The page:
Should You Join A Startup?

Added on by odrive.

4 Factors to Consider in today's Sucky Environment


There are many reasons to join a startup. It’s mostly an individual assessment, so let’s look at the reasons from my perspective at odrive to help you make the right decision.


If you are looking to escape the doldrums of large company work life, then a startup may be for you. You will not be just a cog in the wheel at a startup. Your work matters, and hopefully the stuff you’re making will make an impact.

On the other hand, the excitement can quickly turn into chaos. There will be little process established. If you are someone who needs to have everything in its place, “i’s” dotted and “t’s” crossed, a startup may not be for you.

You don’t just execute a game plan. Often, you are the plan so you need to quickly learn from your mistakes and make them part of your body of experiences to draw from. You have to think on your feet. You have to be a creator.

People often refer to this person as having a “builder’s mindset.” You look to create systems and repeatable assets. You anticipate for scale, and discount one-offs. A builder is probably the most valuable trait to have on a startup team, though you don’t necessarily need an entire team of just builders.

One trait that everyone on the early startup team must have? Resiliency.

You must know that shit rolls downhill most of the time. You must know that you will fail much more than you succeed. You must know that the odds are stacked against you.

And against all that dreary knowledge, you must know that your belief in what you’re building is worth the risk.


Let’s get this out of the way. Chances are, you are not going to cash in your equity for a big payday. First, the probability for any startup to succeed is terrible. On the flip side, the probability of a startup failing is great!

Then, even if a startup survives and reaches an equitable event like an IPO or acquisition, your share of equity will have been diluted greatly by venture capital.

For you to hit the jackpot, you must have been an early employee, stuck around for the exit, and the company is a mega hit.

In other words, you should not consider your options as a path to riches. You’d better have other reasons to go the startup route.

We here at odrive are riding in a different boat as we are self funded, so we expect the runway to success to be a little longer than others. However, we take nothing for granted and are putting the pedal to the metal.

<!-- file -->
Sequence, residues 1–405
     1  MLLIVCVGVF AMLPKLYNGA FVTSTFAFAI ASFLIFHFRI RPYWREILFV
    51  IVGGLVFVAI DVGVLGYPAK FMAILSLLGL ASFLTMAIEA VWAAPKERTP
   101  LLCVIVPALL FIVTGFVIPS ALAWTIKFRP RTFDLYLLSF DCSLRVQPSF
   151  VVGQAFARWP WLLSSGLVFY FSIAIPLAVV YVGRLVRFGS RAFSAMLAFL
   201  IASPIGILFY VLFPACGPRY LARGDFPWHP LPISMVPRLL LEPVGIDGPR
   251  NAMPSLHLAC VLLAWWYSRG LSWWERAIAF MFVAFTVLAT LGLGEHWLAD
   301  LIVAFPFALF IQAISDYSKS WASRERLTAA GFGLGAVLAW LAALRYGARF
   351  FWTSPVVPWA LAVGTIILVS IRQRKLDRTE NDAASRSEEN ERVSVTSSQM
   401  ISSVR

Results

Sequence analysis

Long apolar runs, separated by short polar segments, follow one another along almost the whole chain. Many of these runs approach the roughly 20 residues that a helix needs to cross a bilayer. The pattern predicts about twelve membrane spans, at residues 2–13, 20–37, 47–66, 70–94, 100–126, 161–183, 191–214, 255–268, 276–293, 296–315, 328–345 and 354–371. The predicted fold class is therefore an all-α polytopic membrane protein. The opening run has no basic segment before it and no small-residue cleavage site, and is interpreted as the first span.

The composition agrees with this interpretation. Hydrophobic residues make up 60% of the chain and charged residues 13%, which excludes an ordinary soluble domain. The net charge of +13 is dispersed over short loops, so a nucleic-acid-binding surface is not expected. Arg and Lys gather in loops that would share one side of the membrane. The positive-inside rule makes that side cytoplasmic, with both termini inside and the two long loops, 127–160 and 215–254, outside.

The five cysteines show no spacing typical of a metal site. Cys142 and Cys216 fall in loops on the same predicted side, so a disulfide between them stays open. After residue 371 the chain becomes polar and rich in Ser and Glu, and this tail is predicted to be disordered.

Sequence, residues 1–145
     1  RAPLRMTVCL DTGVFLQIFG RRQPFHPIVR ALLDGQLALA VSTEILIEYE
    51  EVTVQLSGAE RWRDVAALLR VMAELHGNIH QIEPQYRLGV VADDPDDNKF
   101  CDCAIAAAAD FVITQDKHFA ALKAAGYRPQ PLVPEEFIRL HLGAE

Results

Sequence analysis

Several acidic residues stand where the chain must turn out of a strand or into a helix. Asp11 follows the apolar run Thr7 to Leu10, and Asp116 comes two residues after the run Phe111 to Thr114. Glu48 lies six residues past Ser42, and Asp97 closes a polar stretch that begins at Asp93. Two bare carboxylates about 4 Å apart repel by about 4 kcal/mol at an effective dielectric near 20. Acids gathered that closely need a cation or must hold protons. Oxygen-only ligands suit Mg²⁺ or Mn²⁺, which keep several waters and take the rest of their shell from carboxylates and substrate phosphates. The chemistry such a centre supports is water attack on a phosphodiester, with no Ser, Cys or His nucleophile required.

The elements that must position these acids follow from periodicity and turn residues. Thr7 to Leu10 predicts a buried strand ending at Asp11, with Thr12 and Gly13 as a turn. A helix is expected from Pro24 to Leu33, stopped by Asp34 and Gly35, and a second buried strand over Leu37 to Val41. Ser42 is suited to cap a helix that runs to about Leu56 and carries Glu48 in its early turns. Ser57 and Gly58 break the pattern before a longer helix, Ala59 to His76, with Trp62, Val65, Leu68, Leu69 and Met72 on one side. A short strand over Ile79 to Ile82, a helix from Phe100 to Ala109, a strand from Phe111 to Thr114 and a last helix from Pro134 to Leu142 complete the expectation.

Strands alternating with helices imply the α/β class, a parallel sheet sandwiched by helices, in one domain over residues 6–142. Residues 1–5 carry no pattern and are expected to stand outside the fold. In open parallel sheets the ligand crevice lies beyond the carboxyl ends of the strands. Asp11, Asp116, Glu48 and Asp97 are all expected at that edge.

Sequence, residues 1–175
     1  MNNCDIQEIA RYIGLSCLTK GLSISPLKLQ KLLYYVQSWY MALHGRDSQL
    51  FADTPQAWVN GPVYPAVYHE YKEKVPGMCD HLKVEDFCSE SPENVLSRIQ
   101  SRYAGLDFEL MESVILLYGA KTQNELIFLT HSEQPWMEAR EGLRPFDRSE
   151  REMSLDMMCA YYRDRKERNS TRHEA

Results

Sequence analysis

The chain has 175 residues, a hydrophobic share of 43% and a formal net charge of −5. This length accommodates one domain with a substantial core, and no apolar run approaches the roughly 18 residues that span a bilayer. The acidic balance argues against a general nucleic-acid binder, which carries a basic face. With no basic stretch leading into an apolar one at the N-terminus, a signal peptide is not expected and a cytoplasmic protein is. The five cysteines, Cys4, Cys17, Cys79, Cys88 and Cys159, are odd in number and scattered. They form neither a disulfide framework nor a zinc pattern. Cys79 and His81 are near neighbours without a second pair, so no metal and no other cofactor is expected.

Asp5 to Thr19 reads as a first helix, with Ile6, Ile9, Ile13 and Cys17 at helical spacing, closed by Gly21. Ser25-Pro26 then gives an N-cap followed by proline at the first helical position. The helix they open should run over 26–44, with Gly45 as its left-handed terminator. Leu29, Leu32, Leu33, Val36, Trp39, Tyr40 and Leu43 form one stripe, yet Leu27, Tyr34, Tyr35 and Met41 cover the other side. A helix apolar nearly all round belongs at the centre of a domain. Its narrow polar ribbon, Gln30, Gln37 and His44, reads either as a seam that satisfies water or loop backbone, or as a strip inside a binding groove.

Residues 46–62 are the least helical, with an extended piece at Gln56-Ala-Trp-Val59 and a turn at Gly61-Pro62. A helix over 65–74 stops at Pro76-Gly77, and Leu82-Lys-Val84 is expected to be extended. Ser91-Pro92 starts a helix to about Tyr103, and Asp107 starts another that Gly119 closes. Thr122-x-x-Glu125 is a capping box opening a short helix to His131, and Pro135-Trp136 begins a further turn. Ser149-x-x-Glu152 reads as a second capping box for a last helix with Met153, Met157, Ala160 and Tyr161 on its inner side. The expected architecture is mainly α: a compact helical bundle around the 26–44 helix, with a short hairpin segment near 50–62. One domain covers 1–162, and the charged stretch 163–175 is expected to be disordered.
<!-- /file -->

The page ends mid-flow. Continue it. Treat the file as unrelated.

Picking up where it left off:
Professional Growth

Bydefault, you will be wearing multiple hats.

If you’re a non-engineer, you’ll likely move from one role to the next as needs require and as the company changes. You’re also likely to take on multiple roles at the same time. I’ve had roles in sales, business development, partnerships, and content marketing. Oh, I’m also General Counsel.

If you’re an engineer — congrats — you’re a full stack engineer! You’ll work in front end development, backend, web, mobile — the whole shebang.

If you stay on just long enough, you also will take on management responsibility. This doesn’t mean you have been promoted to manager, just that you will take on management responsibility over those who’ve joined the company after you.

If you stay on long enough, you will become highly trusted and highly dependent on. Your fingerprints will be everywhere. You’ll be indispensable, so much so that you are irresistible to recruiters looking for someone just like you. Your options will have opened up to both larger startups and traditional companies.

Your startup experience is portable. You can take it with you wherever you go, and it will serve you well. Indeed, working anywhere else will seem like a piece of cake.

Build something amazing

This is the one. Your raison d’être for being at a startup. All the other reasons are surface, and can be obtained elsewhere.

You HAVE to want to build amazing and find meaning in what you’re building. You HAVE to want to achieve mega growth.

Unfortunately, there are a lot of speed bumps and landmines on the road to mega growth and amazing.

  • Failure to find product/market fit
  • Run out of money
  • Big companies are chasing after your market
  • Other startups are racing you to the market

From a personnel standpoint, the biggest roadblock is not making progress or the perception that not enough progress is being made towards the ultimate goal.

Ping pong tables and snacks help a little, for a short time. Then, there has to be perceptible progress.

Your people have a shelf life.

They can put up with a lot but they want to make sure you’re on the right trajectory, even if it’s not yet a hockey stick.

So do you still want to join a startup? I have painted a very hard and unlikely road to success. It’s not for the faint of heart.

I have been at six startups. Two are defunct, and three are still hanging on.

I’m a little older, a little wiser. I still believe.

These days, you can find me still chasing the startup dream at odrive.